Coming of Age with Meaning and One Big Celebration

“The path to adulthood should be celebrated,” Rabbi Michael Friedman.

photo contributed allison adler

“The path to adulthood should be celebrated,” Rabbi Michael Friedman.

Alex Gaines, Staff Writer

At the age of 12 or 13, Jewish children throughout the world celebrate a bar or bat mitzvah: a coming of age ceremony.

They must read a passage from the Torah, the Jewish holy scripture, write a speech about the passage’s meaning, and complete many other tasks, only to be followed by a huge party with snacks, games, and dancing with your friends and family.

Hundreds of years ago, 13 year old Jews were bar mitzvahed with no party nor friends.
Children were bar mitzvahed and then immediately took all of the adult responsibilities. They stopped school, looked for a job, and even got married in their teens.

In a single day, Jewish 13 year olds would become adults.

Nowadays, after a bar or bat mitzvah, teens keep going to school, and wait a while until we take on more adult responsibilities.

We interviewed Rabbi Michael Friedman, Rabbi of Temple Israel, a religious school and synagogue in Westport.,Conn. When asked what the process leading up to the Torah reading and prayer reciting was, he talked about all the thought and work that goes in to the ceremony.

“You start in kindergarten, but that’s just learning how to be a Jewish person, but the preparation for that one day starts six months before, and you have meetings with the rabbi and the cantor.”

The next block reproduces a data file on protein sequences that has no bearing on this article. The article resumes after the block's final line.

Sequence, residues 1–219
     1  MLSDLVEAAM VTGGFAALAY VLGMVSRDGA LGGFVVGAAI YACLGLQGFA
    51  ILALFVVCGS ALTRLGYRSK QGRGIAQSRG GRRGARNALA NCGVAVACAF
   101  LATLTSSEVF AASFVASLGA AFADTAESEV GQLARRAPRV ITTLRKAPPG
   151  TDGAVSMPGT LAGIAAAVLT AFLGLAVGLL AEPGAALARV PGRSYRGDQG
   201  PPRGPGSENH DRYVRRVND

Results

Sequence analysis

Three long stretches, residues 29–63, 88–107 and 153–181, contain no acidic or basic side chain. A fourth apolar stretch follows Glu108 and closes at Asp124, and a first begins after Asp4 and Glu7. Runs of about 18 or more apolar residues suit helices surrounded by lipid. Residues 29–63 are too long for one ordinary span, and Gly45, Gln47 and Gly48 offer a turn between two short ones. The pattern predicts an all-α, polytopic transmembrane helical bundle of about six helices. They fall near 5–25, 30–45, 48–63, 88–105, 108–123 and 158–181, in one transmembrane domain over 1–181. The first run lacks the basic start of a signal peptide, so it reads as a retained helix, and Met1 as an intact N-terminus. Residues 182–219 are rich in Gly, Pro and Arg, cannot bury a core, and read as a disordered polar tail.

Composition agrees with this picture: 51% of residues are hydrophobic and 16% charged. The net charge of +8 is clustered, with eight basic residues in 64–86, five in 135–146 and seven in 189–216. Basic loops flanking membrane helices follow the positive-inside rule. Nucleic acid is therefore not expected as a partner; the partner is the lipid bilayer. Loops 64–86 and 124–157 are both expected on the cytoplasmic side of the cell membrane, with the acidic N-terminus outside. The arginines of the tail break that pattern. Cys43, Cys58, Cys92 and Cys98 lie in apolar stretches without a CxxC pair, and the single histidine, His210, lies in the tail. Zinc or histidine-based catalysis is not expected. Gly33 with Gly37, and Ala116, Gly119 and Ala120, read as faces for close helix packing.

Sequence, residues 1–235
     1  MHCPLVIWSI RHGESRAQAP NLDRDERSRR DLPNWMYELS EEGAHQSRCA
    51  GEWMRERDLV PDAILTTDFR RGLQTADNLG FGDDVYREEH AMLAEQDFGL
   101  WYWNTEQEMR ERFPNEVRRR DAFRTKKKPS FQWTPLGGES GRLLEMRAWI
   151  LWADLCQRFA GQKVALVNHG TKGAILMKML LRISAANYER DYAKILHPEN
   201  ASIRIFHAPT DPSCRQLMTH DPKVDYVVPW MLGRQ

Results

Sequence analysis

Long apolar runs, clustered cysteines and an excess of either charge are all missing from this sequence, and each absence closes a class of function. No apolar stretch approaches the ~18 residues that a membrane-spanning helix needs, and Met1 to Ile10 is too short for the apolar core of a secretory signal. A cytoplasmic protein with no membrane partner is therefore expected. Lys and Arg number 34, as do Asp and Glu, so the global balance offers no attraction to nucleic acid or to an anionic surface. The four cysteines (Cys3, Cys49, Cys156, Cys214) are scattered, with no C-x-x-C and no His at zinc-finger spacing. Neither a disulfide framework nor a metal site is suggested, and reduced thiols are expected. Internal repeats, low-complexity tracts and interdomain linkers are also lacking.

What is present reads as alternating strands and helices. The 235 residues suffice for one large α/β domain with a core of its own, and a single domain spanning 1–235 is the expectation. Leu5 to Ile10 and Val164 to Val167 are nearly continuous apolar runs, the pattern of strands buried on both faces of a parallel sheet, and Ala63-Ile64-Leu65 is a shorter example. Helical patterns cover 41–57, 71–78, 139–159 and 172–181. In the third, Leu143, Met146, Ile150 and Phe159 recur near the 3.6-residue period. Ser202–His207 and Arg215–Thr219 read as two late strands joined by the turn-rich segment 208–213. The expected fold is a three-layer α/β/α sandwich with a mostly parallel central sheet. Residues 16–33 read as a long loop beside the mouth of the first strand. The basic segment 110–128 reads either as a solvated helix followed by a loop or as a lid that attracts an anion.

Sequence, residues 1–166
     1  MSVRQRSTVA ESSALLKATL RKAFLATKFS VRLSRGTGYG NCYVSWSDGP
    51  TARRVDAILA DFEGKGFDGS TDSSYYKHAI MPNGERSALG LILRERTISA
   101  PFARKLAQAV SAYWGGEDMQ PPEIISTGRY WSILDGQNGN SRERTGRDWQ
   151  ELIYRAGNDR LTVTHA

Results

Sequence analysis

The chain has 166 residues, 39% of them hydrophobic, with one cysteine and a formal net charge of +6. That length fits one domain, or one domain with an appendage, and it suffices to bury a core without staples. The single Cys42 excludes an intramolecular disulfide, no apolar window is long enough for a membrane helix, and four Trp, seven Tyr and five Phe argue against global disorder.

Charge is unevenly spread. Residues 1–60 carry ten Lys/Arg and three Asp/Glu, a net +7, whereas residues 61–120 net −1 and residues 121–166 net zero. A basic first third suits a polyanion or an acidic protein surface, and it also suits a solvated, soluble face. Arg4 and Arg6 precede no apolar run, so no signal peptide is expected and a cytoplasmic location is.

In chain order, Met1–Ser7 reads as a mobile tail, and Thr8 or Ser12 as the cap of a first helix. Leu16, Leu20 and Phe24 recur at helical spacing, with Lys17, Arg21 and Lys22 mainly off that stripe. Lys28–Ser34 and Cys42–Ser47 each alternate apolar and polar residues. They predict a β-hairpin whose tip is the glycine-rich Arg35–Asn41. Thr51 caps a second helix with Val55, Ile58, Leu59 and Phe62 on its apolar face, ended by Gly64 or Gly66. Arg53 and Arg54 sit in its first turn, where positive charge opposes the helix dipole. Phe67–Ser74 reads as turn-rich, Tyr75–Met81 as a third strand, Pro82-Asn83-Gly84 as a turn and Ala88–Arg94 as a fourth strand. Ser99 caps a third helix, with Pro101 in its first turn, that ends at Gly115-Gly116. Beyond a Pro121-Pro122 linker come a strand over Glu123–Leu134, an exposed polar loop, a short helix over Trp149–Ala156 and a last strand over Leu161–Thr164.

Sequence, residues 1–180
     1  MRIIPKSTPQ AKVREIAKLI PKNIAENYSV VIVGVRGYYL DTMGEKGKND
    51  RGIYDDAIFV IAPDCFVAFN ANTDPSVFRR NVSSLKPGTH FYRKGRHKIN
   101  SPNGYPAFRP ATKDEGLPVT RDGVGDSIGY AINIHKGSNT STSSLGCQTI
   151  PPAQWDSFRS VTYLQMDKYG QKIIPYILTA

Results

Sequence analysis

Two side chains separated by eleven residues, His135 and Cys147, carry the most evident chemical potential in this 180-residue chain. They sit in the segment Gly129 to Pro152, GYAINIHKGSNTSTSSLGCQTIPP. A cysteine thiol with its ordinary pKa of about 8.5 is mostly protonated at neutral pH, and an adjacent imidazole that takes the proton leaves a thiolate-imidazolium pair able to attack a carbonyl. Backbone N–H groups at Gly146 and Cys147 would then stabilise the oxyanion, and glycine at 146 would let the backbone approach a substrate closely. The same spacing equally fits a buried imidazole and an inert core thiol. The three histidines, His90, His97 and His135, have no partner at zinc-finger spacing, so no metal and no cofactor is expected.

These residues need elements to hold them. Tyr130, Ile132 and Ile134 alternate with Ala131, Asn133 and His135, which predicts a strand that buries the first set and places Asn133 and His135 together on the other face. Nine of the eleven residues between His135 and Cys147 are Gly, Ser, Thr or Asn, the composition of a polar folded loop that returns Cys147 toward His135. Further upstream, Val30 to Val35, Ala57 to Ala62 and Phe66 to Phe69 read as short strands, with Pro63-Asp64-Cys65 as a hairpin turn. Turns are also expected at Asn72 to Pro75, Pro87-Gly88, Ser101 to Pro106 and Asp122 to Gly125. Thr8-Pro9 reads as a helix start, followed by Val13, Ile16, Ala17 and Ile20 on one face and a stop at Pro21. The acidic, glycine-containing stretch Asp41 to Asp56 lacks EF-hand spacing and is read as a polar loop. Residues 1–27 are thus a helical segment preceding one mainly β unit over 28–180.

He also mentioned that the party aspect of the bar or bat mitzvah was not an issue for him. He said the path to adulthood should be celebrated.

There are three types of Judaism: Reformed Jews, Conservative Jews, and Orthodox Jews. Unlike the other two, in most Orthodox temples, girls are not allowed to read from the Torah, and they might not even be able to get bat mitzvahed in general.

During the bar or bat mitzvah service, students must first lead the audience in a few prayers.
They must then read a portion of the Torah, depending on the time of year the service is. For example, if you were to have your bar or bat mitzvah the week of Feb. 9 this year, you will read Exodus 25:1-27:19. It describes the mikdash, a sanctuary, being built.

All 54 of the Torah portions are different and tell a different story. After the student reads their Torah portion, they must deliver a “Dvar Torah” or a speech they work on with a rabbi about the Torah portion just read and its meaning.

After this, the celebrant will receive a blessing from the rabbi and the cantor, a person who leads the chanting during prayer at a Jewish synagogue, and officially become bar or bat mitzvahed.

While Hebrew school may seem stressful, its outcome is very exciting and rewarding.
The prayers said at a bar and bat mitzvah will be used throughout life, and having friends and family there make bar or bat mitzvahs a proud and memorable experience.